So that’s exciting and we’ll be continuing to build up this campaign and pressure on politicians over the summer.
You’ve been a vocal critic of the NSW police drug detection dog operations. Last month, NSW Greens MLC David Shoebridge released new figures that show searches are in decline.
Do you think the campaign against the use of sniffer dogs is having an impact?
I think it’s definitely having an impact. One of the main impacts it’s had, is that it’s given people a sense that change is actually possible.
There’s now a consistent criticism being made about drug detection dogs that circulates every time this issue is back in the media. For example, every time there’s a music festival death, which has been way too frequently lately.
I think that campaigning has really galvanised the music festival community around the need to make change.
Whether or not the rate of searches is directly related to the campaign, is hard to say. But I think the dynamics of that issue have changed.
In the past, within police there was a sense of laissez-faire around running these operations. But the campaigning has perhaps raised the stakes in terms of police needing to make the case for running operations. But honestly, it’s speculation.
You’re the executive director of Unharm. What does your organisation do? And how did it come about?
Unharm is a campaigning organisation that recognises that we need a whole system change around the way we deal with drugs. And that people who have been the main victims of the war on drugs are the people who need to be involved in making that change.
The way that we’ve dealt with drugs over the last one hundred years has relied very much on prohibition and law enforcement.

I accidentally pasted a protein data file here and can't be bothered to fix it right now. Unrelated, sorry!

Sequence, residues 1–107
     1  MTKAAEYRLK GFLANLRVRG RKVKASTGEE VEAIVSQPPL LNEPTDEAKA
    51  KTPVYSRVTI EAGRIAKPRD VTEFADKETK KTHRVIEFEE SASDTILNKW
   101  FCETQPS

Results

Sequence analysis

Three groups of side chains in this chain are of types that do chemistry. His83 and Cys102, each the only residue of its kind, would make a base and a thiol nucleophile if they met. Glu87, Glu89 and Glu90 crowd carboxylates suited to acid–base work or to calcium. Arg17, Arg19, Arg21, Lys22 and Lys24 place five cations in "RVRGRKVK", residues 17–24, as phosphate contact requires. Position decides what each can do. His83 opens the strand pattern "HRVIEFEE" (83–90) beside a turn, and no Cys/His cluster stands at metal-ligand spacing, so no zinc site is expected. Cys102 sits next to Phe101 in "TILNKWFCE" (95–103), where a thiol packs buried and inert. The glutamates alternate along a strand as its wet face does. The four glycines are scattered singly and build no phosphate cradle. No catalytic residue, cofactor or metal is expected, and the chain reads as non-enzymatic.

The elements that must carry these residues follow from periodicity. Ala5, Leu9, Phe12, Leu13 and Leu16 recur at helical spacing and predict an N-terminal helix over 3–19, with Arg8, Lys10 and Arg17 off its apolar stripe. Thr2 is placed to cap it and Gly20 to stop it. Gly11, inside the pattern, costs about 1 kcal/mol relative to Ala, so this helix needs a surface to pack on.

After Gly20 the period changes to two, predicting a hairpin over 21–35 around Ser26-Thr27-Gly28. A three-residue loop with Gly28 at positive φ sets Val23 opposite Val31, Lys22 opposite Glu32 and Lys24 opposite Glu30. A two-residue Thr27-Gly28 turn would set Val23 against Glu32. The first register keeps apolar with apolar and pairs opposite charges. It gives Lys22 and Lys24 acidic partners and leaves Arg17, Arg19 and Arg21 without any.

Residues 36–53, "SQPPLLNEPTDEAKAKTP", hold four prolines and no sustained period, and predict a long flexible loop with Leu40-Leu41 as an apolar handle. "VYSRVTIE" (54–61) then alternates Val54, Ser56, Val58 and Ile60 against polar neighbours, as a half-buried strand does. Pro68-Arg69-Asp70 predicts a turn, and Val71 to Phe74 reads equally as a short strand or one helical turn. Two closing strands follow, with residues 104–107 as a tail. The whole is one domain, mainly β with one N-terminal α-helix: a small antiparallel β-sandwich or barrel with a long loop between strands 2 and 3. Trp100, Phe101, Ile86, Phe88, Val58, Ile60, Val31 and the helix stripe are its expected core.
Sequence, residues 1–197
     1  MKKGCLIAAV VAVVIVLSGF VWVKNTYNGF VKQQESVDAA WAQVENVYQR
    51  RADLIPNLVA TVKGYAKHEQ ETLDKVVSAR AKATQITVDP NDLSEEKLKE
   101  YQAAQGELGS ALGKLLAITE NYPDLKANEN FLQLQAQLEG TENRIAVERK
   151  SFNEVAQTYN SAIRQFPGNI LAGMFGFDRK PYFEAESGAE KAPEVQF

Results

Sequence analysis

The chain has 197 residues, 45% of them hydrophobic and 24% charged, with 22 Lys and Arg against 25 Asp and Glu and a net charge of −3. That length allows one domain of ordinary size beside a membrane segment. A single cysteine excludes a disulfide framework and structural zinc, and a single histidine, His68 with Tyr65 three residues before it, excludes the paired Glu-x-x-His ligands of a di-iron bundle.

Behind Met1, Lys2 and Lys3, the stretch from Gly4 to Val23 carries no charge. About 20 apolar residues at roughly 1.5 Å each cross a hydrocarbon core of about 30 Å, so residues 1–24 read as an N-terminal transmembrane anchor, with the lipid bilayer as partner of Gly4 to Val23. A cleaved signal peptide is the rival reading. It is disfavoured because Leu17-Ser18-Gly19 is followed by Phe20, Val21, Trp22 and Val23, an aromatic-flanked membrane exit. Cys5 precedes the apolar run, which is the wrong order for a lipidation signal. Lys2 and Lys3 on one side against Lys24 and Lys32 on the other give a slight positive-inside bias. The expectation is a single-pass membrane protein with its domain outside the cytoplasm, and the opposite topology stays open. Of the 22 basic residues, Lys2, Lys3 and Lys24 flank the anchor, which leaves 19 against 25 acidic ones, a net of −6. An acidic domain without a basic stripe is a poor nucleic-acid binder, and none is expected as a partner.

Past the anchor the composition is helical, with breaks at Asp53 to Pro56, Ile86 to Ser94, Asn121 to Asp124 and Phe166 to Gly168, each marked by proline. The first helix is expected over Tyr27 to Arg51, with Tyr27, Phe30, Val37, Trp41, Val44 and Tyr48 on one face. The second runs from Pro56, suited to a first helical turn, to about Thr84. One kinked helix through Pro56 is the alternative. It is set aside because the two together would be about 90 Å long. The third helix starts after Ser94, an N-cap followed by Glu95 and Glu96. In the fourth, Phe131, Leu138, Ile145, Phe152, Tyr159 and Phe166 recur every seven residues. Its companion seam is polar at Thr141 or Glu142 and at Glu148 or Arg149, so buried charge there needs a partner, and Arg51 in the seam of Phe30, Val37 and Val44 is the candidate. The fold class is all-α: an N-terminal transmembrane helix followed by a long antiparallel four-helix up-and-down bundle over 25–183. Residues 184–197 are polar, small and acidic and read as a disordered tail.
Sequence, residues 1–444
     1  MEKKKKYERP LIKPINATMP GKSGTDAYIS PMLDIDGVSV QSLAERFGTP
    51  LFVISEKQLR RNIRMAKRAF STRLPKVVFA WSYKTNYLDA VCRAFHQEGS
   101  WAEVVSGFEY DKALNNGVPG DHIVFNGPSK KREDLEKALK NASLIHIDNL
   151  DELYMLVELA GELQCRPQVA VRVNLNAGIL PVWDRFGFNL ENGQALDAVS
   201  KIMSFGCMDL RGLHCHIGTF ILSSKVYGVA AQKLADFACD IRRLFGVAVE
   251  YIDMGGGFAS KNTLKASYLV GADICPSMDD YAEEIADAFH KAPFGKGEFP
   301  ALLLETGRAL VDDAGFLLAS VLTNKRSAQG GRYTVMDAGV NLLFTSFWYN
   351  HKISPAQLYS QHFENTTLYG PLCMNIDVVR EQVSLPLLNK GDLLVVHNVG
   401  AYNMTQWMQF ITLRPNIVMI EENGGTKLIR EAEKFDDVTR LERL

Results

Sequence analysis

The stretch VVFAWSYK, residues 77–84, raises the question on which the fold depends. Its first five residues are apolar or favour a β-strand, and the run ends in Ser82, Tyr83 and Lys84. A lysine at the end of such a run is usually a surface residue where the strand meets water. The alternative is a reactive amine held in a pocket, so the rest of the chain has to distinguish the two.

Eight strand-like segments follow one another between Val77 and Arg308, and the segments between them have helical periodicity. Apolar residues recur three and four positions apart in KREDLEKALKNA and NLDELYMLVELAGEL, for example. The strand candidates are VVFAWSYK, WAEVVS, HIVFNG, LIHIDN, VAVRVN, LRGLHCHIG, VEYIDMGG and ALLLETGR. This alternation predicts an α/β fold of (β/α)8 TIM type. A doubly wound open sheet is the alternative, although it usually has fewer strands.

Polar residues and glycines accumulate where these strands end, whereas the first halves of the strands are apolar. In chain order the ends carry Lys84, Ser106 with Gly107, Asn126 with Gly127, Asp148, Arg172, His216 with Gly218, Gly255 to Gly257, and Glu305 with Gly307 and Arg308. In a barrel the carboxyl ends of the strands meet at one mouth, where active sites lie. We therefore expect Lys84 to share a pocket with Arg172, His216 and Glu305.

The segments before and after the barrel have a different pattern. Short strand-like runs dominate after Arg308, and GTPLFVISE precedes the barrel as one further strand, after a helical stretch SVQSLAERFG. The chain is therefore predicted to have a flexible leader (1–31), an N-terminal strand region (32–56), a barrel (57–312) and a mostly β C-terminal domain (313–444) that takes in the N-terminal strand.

But the reality is that the main difference between a person who experiences drug-related problems and a person who does not, has much more to do with the environment in which that person lives, their economic opportunities and their experience or lack of experience of traumatic events. That determines whether or not they will experience drug-related problems in their life.
Those are not issues that prohibition and enforcement can ever address. They’re only issues that whole communities, families and people can address.
And so, what we need is collaboration between government and people to change the system and to change laws, so that the laws enhance people’s capacity to take care of themselves and of the people that they care about.
So what we’re doing is providing a vehicle for people to be able to demonstrate support for change. As well as space – events and online spaces – where we can begin to develop a language for an alternative future and to grow people as activists on this issue.
And besides pill testing, what else is Unharm working on at the moment?
Pill testing isn’t a silver bullet, even for keeping people alive at music festivals. And so, it’s much more about shifting the way music festivals are managed, so that we’re promoting safety and responsibility, rather than an approach based on fear and intimidation.
That campaign Tests not Arrests is equally about that shift away from attempting to frighten people out of using drugs, as it is about pill testing in particular.
Essentially keeping people alive at events has three parts.
One is about safer drug use, which is, if you’re using drugs, legal or illegal, that you’re informed about how to manage the risks and that you exercise care and responsibility in using those substances.
Safer environments, which means continuing with the very high quality safety features we have at events. Like access to water and ambient temperature management and the presence of first aid and in some cases paramedics.
But also in addition to that, changing the experience of entering those festivals, so that when people enter them the interaction is about engagement and promoting care and responsibility, rather than a police led entrance scenario, where the communication is all about fear and intimidation.
And then there’s safer substances, which is about eliminating the most dangerous drugs from use and that’s where pill testing is an essential tool.